Threatened species, clockwise from top left: Antipodean albatross chick, Polynesian ground dove and the Mona iguana. Photos: Eleanor Briccetti, Marie-Helene and Tommy Hall / Island Conservation

In order to halt species extinction, researchers are suggesting conservation efforts should focus on islands, which hold 41% of the world's known highly threatened vertebrates, per a study published recently in Science Advances.

Why this matters: "Not only are species lost forever, never to be enjoyed or seen again, the decline of biodiversity has also affected human health, economics, food security, etc.," study author and conservation biologist Dena Spatz tells Axios.

What they did:

The team reviewed more than 1,000 datasets and consulted more than 500 experts worldwide.

  • They identified and mapped all 1,189 land-based amphibians, reptiles, birds, and mammals listed as critically endangered or listed on the International Union for Conservation of Nature's Red List of threatened species that breed on the 1,288 islands around the world.
  • They checked which islands had overlapping populations of invasive species, including rats, cats, goats and pigs, which Spatz called "some of the most damaging invasive species on Earth."
  • The team also gathered some social, ecological and political information that could be of significance for conservation planning.

The outcome: The team created the Threatened Island Biodiversity Database for governments, researchers and advocates to use to map out conservation plans to reduce biodiversity loss globally by managing invasive species.

What they found: "While islands make up only 5.3% of the earth's landmass, they are home to 41% of the world's highly threatened vertebrates. A disproportionate amount of threatened species," she says. Spatz, currently at the non-profit Island Conservation, says she finds it interesting that 95% of all the threatened species in the dataset occurred on at least one island with an invasive vertebrate. Islands with the most highly threatened vertebrate populations include Madagascar, Sri Lanka, Hispaniola and Cuba.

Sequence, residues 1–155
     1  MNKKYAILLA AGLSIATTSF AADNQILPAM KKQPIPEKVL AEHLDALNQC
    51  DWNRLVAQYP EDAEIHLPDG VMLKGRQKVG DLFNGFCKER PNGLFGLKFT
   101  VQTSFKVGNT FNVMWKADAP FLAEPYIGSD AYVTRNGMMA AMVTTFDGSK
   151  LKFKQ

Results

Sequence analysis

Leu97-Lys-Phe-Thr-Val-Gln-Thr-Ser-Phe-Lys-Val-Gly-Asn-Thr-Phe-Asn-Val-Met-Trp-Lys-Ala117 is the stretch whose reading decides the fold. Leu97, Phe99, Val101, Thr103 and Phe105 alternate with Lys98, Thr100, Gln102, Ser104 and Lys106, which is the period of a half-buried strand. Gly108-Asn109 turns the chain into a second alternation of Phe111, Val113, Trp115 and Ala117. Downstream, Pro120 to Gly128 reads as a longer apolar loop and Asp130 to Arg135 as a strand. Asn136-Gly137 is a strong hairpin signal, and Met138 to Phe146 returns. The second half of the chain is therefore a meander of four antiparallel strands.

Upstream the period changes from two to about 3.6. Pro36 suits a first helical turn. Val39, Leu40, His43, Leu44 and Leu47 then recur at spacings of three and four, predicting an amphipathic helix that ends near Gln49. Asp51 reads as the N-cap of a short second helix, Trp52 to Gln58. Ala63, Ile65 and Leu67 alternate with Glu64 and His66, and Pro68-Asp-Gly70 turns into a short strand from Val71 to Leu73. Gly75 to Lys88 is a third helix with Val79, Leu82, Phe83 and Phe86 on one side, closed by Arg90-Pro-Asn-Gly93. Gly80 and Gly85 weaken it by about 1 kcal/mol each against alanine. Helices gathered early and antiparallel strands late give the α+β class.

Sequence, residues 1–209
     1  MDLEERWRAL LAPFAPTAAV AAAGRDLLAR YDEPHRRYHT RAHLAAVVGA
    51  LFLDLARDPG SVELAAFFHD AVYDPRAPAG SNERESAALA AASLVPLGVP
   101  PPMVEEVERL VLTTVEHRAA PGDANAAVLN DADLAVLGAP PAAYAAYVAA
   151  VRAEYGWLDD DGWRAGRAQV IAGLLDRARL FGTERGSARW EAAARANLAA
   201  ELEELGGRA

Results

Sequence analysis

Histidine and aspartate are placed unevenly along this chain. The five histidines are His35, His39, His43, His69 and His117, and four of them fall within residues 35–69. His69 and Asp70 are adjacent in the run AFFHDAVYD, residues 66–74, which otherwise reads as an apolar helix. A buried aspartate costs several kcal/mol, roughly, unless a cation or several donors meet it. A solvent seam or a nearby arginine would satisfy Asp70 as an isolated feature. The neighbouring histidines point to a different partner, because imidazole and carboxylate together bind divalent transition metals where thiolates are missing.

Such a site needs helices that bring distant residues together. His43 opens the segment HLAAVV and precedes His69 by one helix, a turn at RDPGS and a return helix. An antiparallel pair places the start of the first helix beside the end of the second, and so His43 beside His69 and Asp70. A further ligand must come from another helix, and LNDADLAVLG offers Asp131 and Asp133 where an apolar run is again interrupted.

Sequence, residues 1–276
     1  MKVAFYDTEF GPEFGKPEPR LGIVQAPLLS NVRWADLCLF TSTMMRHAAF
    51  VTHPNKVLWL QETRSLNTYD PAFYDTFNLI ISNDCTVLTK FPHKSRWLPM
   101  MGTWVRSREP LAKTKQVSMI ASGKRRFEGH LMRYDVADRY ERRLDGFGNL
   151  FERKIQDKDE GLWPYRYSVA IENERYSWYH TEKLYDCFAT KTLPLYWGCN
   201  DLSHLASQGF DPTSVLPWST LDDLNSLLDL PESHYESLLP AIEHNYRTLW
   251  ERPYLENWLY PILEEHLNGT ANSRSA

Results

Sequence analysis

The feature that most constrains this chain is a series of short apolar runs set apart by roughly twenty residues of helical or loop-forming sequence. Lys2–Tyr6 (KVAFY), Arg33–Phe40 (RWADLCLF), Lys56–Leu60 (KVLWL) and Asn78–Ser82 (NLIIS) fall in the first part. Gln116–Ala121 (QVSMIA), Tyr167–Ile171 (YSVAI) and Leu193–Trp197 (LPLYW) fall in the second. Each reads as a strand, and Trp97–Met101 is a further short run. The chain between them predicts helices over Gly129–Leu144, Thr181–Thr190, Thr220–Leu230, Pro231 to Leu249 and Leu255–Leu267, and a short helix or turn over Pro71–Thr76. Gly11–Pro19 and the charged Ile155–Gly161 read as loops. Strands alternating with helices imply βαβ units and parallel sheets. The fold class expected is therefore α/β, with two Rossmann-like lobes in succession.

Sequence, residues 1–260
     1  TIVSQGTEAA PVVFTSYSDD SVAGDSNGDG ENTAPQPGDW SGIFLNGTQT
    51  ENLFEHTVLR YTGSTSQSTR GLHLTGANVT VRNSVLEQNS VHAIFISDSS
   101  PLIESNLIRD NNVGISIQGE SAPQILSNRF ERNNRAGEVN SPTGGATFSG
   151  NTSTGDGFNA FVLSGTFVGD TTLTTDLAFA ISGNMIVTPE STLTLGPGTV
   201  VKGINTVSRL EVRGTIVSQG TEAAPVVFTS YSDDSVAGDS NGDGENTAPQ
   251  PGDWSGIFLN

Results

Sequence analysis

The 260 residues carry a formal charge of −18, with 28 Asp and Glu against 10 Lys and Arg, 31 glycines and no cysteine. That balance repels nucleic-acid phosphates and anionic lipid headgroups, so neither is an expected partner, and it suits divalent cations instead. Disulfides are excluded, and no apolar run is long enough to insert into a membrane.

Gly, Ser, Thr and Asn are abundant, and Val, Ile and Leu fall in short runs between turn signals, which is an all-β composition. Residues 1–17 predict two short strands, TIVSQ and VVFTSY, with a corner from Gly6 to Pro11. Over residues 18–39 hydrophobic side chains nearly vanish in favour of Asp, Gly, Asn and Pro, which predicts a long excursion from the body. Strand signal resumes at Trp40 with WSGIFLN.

Good news: "While this may seem daunting, the good news is that there are proven techniques for dealing with the threat of invasive species...and thus management of invasives on these islands could benefit 39% of the Earth's highly threatened vertebrates," Spatz tells Axios.

More perspective: Robert Fisher, a conservation biologist with the U.S. Geological Survey, points out the study is based on highly threatened vertebrates as classified by the IUCN's Red List, which is incomplete. Fisher, who was not part of this study, says that IUCN so far has only assessed roughly 40,000 out of 61,000 vertebrates and the list does not include species that may be labeled as "data deficient" because they were only assessed once. "We should be investing a lot of money in exploration and discovery right now" to better determined which species are threatened, Fisher tells Axios.

Still, Fisher says the database is a good baseline tool in fighting the extinction of species, which has "cascading effects." An example of this is on Guam, where brown tree snakes were introduced and killed birds, which led to a huge increase in spider populations.This damaged tourism centered around birdwatching on the island and prompted concerns snakes could similarly invade Hawaii.

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